THE FATHER of a young man who drowned in a fishing tragedy off the Cork coast drunkenly struggled with a garda outside his partner's house, a court heard.
Patrick Kershaw (47) was singing and shouting and refused to be quiet when told to do so by Garda Stephen Walsh.
Kershaw had denied a breach of the peace, saying he walked out of the house in Finglas and Garda Walsh "battered the crap" out of him.
He also claimed that he had made a complaint to the Garda Ombudsman.
Judge David McHugh convicted and fined Kershaw €300.
The defendant, of Harrington Street, Dublin 1, was found guilty before Blanchardstown District Court of public drunkenness and threatening and abusive behaviour.
The incident took place outside his fiancee's home at Fairlawn Road in Finglas at about 5am on June 8 last year.
Garda Walsh said he called to the house to speak to Kershaw's fiancee, Catherine Callaghan. He said Kershaw opened the front door and invited him in.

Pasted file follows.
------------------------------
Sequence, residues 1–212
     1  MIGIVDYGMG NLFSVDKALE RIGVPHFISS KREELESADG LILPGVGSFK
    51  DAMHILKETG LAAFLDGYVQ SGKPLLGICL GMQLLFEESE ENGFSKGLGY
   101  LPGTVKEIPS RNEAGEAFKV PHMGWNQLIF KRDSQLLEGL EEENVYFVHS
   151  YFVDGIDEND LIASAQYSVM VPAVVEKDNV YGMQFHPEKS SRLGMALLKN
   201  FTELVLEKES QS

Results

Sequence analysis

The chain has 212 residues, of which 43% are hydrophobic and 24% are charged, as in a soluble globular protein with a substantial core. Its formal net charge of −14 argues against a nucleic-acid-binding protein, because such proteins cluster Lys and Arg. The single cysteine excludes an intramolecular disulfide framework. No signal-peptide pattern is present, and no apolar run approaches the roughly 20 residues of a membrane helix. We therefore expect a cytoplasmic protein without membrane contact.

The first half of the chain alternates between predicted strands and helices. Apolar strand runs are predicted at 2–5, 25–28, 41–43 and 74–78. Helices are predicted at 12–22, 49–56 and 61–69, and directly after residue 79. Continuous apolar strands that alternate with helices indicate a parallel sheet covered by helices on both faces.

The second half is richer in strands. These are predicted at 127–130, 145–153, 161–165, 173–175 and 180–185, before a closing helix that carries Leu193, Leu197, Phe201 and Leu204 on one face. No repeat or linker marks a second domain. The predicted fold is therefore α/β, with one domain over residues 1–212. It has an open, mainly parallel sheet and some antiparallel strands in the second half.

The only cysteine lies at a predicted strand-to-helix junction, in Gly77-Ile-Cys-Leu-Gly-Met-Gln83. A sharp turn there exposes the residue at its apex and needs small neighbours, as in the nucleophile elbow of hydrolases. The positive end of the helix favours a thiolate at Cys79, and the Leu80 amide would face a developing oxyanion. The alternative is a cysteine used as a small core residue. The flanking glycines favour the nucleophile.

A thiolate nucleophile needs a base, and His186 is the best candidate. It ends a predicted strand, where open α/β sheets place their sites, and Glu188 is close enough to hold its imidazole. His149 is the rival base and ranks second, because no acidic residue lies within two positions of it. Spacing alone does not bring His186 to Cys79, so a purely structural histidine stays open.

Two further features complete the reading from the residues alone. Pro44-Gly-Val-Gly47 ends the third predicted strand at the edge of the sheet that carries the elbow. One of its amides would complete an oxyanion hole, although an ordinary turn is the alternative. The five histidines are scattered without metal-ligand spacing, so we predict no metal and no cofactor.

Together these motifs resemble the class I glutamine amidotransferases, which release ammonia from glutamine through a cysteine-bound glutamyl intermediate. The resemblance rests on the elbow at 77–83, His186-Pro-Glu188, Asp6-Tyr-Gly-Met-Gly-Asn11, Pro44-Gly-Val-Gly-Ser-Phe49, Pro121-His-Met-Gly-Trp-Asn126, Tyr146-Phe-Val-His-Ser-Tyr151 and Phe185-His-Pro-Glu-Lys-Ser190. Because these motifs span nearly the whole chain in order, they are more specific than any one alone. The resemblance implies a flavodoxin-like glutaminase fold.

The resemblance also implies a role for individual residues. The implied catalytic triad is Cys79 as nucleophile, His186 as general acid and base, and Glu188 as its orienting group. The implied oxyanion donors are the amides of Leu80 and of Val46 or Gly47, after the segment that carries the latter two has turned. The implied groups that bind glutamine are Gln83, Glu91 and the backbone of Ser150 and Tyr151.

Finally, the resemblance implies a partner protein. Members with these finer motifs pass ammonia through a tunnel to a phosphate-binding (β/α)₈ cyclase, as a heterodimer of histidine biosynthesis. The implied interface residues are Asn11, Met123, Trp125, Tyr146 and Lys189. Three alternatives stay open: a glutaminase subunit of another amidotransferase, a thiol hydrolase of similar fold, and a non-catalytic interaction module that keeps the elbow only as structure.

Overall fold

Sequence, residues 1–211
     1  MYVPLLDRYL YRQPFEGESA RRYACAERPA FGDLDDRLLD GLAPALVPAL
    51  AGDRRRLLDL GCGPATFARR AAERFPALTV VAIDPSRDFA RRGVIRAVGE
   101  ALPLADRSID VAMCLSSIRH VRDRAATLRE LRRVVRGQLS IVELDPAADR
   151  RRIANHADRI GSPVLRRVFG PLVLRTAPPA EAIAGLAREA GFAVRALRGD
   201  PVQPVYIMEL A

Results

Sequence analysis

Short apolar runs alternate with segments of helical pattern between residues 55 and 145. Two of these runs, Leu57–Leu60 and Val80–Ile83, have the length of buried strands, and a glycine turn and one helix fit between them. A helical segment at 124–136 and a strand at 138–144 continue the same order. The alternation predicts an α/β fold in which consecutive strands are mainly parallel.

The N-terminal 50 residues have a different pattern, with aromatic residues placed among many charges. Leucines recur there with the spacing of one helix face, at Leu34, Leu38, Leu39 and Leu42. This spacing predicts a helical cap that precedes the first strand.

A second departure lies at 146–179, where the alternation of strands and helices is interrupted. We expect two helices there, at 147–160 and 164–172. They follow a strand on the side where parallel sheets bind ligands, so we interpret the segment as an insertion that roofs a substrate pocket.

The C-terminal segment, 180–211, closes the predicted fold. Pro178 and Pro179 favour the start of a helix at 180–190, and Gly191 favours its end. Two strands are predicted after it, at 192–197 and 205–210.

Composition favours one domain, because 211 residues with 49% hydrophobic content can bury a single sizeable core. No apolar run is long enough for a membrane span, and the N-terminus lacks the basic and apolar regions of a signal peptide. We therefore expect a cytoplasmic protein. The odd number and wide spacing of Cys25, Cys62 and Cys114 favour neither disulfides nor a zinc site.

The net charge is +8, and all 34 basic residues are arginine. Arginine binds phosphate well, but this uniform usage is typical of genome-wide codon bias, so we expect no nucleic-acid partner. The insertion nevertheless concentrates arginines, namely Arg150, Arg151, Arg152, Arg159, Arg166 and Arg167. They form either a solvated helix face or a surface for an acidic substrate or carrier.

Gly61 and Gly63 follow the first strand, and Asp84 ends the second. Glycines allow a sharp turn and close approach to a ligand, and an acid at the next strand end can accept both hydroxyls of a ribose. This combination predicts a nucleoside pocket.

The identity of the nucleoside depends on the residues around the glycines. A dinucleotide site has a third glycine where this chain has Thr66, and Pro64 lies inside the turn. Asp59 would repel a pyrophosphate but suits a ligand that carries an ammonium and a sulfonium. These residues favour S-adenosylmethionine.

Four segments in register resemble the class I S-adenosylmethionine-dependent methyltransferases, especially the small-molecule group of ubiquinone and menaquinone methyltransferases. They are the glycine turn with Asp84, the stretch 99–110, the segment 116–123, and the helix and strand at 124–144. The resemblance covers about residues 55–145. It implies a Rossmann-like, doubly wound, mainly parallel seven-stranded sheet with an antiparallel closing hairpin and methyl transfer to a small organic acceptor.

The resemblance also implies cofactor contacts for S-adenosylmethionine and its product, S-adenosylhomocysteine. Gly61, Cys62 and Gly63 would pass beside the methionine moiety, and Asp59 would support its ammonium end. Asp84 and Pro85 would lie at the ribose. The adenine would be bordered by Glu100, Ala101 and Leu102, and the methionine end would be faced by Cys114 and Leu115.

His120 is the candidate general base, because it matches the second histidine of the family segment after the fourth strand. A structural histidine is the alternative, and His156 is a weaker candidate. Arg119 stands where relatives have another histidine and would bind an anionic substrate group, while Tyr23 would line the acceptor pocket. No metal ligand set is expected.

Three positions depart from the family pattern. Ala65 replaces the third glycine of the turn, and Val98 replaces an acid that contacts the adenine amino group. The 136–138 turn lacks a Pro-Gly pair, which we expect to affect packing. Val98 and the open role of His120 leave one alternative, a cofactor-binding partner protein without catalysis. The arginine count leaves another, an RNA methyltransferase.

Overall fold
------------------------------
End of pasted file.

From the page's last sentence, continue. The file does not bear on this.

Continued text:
The garda said he asked the defendant a number of questions but he refused to answer.
Garda Walsh said Kershaw became aggressive and slammed the front door, catching his hand in it.
He was also singing and shouting outside the house and refused to be quiet, struggling with the garda, who put him on the gravel ground to handcuff him.
Garda Walsh said Kershaw suffered some minor cuts to his face as a result.
In his evidence, Kershaw claimed Garda Walsh was taunting him and when he walked out of the house he was hit to the ground by the officer.
Judge McHugh said he was satisfied there had been a breach of the peace. The judge also said he was satisfied Garda Walsh acted reasonably.
He said he believed Kershaw over-reacted due to his alcohol consumption.
Kershaw's lawyer said his client was a single father of four whose 21-year-old son Kevin died when the Tit Bonhomme fishing trawler went down off the Cork coast.
Kershaw has received bereavement counselling but has been drinking more heavily since his son died.
He has a number of previous convictions, including three for drunken driving and public order offences.